I agree with the article and the comments above. I have served in church music for over 60 years and have watched the quality diminish. Although even back in the 1960’s and ’70’s there were certain publishers which I avoided because their music was sub-standard and cheap. Have I never purchased a “sub-standard or cheap” piece of music? Unfortunately I have some which I should have tossed years ago. I am also guilty! But I try to be discerning and select quality music which is in the skill level of my singers.

    Many years ago when Music Minnesota was holding annual “read-though” gatherings in Minneapolis, I attended even though I live 200 miles away. The Creator magazine presentation was superb with several selections which I could use in my teaching and church work. Most of the other sessions featuring publications of a single publishing house used the recorded orchestration to make their piece sound better than it was. People around me were exclaiming about music which was not worth the time to learn. The next year I was unable to attend, so I phoned the company and inquired if I could purchase just the Creator Magazine packet from that year’s presentation. I was told that Creator was not presenting that year because so little had sold from their presentation the preceding year. I was astounded! The well thought out music with depth and musicality was rejected in favor of easy to learn, but shallow music. It was what sold, not the really fine selections which Creator Magazine had presented. Sad commentary on both the publishers and the music leaders making the purchases.

    I believe there are some very quality composers and publishers willing to take the risk, but one has to search to find this music. I need to offer to God only the best I can produce. In my situation, It must be also able to be accessed by not so skilled singers, but if it takes 3 months to learn the piece, it will be appreciated more intensely. Let’s ask our composers to step out of the familiar and write good music to strong texts.

    1. Thanks for your comments Kenneth, and your kind words about Creator. I don’t think there is anything I can add…

  3. Janet Finke says:

    Anybody out there seeing the pendulum swinging the other way?

  4. marla maertin says:

    Yes in my area (western NY) we have several music stores which are mom -and -pop types that are thriving. I teach at one and there are over 300 students there. We host 3 recitals, a classical recital at our local theater, a rock band camp and a Broadway song and dance camp each year. Also, even though our congregation is slowly declining, our music program is still strong. I saw how things were changing 10 years ago and began children’s choirs and handbell groups to bring the kids “up through the ranks ” and have new members for the adult bell group and choir. When the number of adults available for these groups started agony and younger members went away to college, I started “ensembles ” of 6-8 people to play once and have minimal rehearsals (3-4). This idea has really taken off and has brought back many ringers and singers who could not devote full time to either group. Sometimes we have to compromise and yes, do “worship choir ” music, but at least we still have a choir and bells and have a reason to bring the next generation into an involvement with music!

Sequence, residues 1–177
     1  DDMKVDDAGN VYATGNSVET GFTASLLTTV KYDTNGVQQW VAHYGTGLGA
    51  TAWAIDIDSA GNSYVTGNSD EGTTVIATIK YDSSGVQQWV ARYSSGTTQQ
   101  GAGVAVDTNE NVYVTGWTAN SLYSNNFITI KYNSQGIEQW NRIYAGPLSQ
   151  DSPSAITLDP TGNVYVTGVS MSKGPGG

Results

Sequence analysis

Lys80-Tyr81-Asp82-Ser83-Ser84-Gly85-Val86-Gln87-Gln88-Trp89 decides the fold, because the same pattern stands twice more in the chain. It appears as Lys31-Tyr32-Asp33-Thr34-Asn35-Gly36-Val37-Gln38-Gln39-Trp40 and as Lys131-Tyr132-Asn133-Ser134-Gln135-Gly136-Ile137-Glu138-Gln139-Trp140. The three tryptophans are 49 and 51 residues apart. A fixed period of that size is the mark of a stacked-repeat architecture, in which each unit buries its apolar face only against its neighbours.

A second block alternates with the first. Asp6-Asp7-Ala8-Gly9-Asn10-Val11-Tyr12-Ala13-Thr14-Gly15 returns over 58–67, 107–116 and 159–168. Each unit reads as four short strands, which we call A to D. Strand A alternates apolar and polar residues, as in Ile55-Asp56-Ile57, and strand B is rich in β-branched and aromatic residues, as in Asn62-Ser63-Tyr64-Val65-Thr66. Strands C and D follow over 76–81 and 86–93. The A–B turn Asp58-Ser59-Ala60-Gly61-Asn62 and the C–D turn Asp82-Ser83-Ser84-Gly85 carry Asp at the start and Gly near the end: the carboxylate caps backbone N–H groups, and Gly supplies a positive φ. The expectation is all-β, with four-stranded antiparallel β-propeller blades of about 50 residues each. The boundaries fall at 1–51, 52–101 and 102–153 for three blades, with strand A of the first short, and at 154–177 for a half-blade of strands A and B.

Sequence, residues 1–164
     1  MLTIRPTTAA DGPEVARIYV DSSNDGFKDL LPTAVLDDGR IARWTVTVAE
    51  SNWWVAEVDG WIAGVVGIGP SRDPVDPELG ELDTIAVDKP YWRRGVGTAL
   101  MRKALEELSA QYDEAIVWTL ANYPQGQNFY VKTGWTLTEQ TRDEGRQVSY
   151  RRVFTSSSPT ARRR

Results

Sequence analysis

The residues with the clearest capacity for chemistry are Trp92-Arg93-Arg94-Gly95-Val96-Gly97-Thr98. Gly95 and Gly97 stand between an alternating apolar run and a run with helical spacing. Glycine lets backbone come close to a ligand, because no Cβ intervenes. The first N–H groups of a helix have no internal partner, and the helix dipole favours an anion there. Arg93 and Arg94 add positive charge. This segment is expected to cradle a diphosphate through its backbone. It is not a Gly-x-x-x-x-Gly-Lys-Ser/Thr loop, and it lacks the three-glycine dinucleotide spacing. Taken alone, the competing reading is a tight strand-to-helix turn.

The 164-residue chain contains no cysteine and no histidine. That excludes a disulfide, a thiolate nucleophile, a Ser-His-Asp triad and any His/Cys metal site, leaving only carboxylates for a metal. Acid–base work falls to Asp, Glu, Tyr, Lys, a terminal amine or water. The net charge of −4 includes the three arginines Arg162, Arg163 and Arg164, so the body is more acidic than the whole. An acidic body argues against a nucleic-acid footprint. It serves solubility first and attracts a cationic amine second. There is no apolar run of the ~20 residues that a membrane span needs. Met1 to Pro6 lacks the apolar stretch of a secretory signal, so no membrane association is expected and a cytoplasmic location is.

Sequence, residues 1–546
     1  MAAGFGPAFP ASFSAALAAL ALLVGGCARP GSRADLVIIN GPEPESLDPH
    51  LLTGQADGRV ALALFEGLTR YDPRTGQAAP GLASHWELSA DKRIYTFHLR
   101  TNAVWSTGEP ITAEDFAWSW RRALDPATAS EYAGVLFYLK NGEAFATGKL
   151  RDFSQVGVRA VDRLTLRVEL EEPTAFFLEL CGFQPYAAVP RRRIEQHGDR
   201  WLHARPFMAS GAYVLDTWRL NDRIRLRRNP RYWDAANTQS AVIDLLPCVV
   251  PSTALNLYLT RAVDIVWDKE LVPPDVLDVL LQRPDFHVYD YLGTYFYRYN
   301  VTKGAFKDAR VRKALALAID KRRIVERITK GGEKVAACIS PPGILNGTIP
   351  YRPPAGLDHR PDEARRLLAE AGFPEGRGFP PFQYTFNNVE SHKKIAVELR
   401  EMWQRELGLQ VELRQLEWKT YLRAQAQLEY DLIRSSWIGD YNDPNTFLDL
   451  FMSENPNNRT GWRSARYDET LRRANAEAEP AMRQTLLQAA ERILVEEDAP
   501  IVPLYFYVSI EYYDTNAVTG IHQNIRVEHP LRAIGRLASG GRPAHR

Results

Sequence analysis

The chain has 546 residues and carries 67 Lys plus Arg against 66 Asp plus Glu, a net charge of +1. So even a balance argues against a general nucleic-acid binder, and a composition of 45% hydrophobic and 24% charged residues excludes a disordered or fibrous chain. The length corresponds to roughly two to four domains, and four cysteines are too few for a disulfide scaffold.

1. Concentrating effort on children’s music has a beneficial effect on every congregation for which I’ve seen it tried. Thanks for reminding us Marla…

  5. Dan Wagner says:

    Church music and worship leaders who came from Evangelical backgrounds had to function on a continuum of a few options. Some immediately succumbed to pastoral and envy-based pressures and immediately adopt to the new way (typically until their churches decided they no longer fit the profile.) Others stayed for a while, changing little, and that usually didn’t last. Still others would prove they could do what was good and true AND fully embrace the new ways and means. A few would survive for some decades, living in tension with pastors and superficial cultural commentary. Some would eventually realize that they would have to find churches that really never picked up on the trends, and never stopped wanting fine choral music. Many found other careers, or retired.

  6. Duane Toole says:

    There is good music out there, still. But, like many part-time church musicians, I have a day job. I have no time to find the perfect fit for my choir.

    The big publishers print so much junk, I’ve stopped getting the previews. I’ve come to depend on specific composers that turn out music I can use of quality (Paul Halley, Bryan Greer and David Cherwein come to mind), and on reading sessions from clinicians whose tastes I trust. (I have discovered which clinicians to avoid, too!) Even in the reading sessions I do attend (usually at the Montreat or Junaluska conferences), I usually only come away with one piece from any reading session, so I’ve also developed a group of church musician friends who can suggest good music.

    I’m thankful my small church has a library of good standard anthems that I can work from, and that I have a budget that can add good anthems each year.

    I still feel it important to teach good choral technique and musicianship, so that music that is performed becomes the best that we can offer to God. Thankfully, I’m not alone with that attitude here in Richmond, Va.

    1. One more reason to stay in contact with your colleagues Duane. Thanks for your comment.

  7. Wes Scott says:

    The decline in the number of choral reading sessions (at least my personal knowledge of them) is having a similar impact as the demo cds. Reading sessions give us both a view of the text in addition to hearing and singing live the anthem…a very important step in ascertaining whether or not a particular anthem will work with our choir and church.

    1. Absolutely true, Wes…and the corollary is that fewer people are leading those reading sessions, so you get the same POV in their selections from year to year.